To help you tap into some good vibrations this summer, we chose “Journey” as our issue’s theme, trippin’ in both the metaphorical and the literal sense. To start off, we’ve packed this issue full of reasons for you and your dog to get out and about. We have 51 tips —one for each state and the District of Columbia—for exploring with your dogs, from “California to the New York Island,” as Woody Guthrie famously sang. We also give a special nod to the fine city of Austin for its five-star dog friendliness, as well as to New Mexico’s Sunrise Springs Spa Resort, where guests relax while helping with the socialization of future assistance dogs.
If you’re thinking about wandering overseas, you’ll be inspired by Belgian photographer John Thai’s work at Thailand’s Headrock Dogs Rescue, where he contributed his talents during a working “volunteer vacation.” Similar opportunities to help animals in need abound, many in scenically beautiful locales.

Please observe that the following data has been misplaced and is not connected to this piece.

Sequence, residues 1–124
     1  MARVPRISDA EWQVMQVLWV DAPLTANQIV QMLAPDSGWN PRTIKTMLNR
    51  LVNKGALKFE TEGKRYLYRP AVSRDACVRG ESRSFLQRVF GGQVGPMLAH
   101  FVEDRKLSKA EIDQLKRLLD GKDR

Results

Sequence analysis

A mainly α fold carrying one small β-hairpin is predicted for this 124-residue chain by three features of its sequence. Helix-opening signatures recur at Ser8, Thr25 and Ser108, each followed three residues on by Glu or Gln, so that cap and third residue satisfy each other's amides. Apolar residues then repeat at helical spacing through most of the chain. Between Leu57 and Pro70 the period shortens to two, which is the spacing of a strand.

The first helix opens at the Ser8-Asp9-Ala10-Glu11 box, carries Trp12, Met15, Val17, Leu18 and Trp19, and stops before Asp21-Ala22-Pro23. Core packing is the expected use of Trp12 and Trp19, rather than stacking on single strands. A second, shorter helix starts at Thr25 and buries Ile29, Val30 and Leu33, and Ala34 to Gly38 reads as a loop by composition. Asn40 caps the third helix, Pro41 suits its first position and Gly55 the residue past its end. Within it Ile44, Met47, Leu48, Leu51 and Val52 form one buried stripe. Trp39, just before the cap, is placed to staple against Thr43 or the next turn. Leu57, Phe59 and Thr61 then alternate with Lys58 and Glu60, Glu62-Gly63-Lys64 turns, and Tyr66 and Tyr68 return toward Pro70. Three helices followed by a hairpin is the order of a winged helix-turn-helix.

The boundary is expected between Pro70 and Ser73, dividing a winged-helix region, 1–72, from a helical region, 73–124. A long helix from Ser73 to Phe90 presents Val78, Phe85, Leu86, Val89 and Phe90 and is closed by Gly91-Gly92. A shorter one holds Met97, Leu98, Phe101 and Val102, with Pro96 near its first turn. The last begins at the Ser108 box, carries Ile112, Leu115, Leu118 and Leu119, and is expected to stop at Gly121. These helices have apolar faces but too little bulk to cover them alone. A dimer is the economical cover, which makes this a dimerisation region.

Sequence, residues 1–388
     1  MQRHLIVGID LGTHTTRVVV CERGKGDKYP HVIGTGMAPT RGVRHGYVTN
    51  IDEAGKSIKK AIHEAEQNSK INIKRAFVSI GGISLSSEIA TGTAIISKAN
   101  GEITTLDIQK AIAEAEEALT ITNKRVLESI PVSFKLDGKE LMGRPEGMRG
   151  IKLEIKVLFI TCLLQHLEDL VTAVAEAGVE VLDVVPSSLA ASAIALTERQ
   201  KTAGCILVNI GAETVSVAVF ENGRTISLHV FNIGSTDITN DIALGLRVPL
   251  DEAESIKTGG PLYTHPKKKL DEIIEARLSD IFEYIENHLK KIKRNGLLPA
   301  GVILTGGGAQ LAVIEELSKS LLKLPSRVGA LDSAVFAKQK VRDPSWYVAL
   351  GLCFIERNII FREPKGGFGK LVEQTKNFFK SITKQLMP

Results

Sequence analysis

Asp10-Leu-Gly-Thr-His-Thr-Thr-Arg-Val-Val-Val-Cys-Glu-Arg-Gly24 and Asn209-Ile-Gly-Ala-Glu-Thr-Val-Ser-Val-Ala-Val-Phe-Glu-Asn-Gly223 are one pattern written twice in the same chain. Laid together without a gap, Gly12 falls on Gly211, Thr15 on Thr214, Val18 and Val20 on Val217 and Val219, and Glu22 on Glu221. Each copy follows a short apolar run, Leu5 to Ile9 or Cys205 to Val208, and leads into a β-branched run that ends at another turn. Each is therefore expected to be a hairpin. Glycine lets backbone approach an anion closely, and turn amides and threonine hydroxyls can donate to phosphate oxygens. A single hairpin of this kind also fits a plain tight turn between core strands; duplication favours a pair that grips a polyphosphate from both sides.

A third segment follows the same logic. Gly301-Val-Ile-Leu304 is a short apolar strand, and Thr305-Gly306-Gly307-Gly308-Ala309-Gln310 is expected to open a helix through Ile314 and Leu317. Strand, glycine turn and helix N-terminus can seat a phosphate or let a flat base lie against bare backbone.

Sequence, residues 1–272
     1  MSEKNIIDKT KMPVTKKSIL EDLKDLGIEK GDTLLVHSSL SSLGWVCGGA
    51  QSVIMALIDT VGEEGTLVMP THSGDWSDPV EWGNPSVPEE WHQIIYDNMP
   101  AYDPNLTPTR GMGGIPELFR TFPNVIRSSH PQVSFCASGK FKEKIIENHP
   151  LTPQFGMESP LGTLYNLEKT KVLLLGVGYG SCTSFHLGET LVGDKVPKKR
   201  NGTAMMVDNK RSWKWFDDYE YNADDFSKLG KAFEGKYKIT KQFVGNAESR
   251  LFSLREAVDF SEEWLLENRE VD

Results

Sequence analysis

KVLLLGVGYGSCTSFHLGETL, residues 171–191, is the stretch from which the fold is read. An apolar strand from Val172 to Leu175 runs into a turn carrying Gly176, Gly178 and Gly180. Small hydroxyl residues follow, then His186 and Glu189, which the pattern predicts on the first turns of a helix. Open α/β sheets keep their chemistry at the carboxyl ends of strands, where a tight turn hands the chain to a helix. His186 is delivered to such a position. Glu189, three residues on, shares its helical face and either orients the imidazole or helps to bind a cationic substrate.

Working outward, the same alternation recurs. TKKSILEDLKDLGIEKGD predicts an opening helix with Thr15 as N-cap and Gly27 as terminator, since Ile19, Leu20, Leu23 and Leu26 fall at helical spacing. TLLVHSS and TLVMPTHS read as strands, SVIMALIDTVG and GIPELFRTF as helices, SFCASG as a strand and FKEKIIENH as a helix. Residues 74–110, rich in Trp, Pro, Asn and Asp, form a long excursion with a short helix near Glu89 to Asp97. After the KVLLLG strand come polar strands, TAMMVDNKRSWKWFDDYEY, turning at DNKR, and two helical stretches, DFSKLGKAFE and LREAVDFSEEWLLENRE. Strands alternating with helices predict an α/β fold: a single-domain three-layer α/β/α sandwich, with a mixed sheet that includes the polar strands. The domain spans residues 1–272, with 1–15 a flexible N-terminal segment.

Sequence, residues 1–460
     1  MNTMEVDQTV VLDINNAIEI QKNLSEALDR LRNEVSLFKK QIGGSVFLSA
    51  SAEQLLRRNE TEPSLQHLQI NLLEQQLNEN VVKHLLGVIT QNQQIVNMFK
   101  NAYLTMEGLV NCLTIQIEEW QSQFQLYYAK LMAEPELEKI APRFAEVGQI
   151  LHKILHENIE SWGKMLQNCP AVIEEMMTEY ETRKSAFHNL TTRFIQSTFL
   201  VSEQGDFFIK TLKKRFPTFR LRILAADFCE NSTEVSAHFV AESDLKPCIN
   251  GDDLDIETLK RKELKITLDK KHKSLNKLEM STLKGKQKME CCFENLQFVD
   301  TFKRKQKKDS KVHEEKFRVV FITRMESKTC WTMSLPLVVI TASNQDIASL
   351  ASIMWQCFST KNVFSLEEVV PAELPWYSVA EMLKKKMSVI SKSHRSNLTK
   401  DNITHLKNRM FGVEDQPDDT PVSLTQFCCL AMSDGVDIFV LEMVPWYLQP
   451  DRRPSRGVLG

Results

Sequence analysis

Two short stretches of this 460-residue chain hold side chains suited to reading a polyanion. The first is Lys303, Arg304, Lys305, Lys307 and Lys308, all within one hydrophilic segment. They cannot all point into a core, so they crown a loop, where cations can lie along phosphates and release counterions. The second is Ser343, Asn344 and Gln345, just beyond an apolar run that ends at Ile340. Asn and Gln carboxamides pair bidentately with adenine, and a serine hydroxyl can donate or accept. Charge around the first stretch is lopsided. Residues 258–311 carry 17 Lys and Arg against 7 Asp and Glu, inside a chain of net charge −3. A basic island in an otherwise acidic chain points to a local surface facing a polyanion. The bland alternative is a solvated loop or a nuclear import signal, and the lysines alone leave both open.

For our literature coverage— what would summer be without lots of good reading material?—we travel with author Laura Schenone as she covers the stories and meets the people who started Greyhound rescue in Ireland and beyond. We interview her and excerpt her book, The Dogs of Avalon, a thoroughly enthralling and inspiring read. We dip into our archives to bring back Michelle Huneven’s essay, “Lala the Loot,” from our anthology Dog Is My Co-Pilot. Her story, about a charming little dog whose cuteness inspires others to snatch her, has a happy ending, so be prepared to smile.
In another entry with a journey theme, Laurie Priest tells us how a kayak vacation to Baja California’s Sea of Cortez netted her a honey of a dog, along with an amazingly complicated return trip with the dog to her home in Massachusetts. Dana Shavin’s essay, “There Is Now Only This,” comes with another twist—how being dogless just doesn’t feel right. As she notes, “My meticulous tending to the ever-expanding needs of my dogs became the point of my life. It was what defined me.” Without that, who are we? Finally, our “Backstory” features a man who traveled into outer space with the support of his pups, whom he considered to be his family.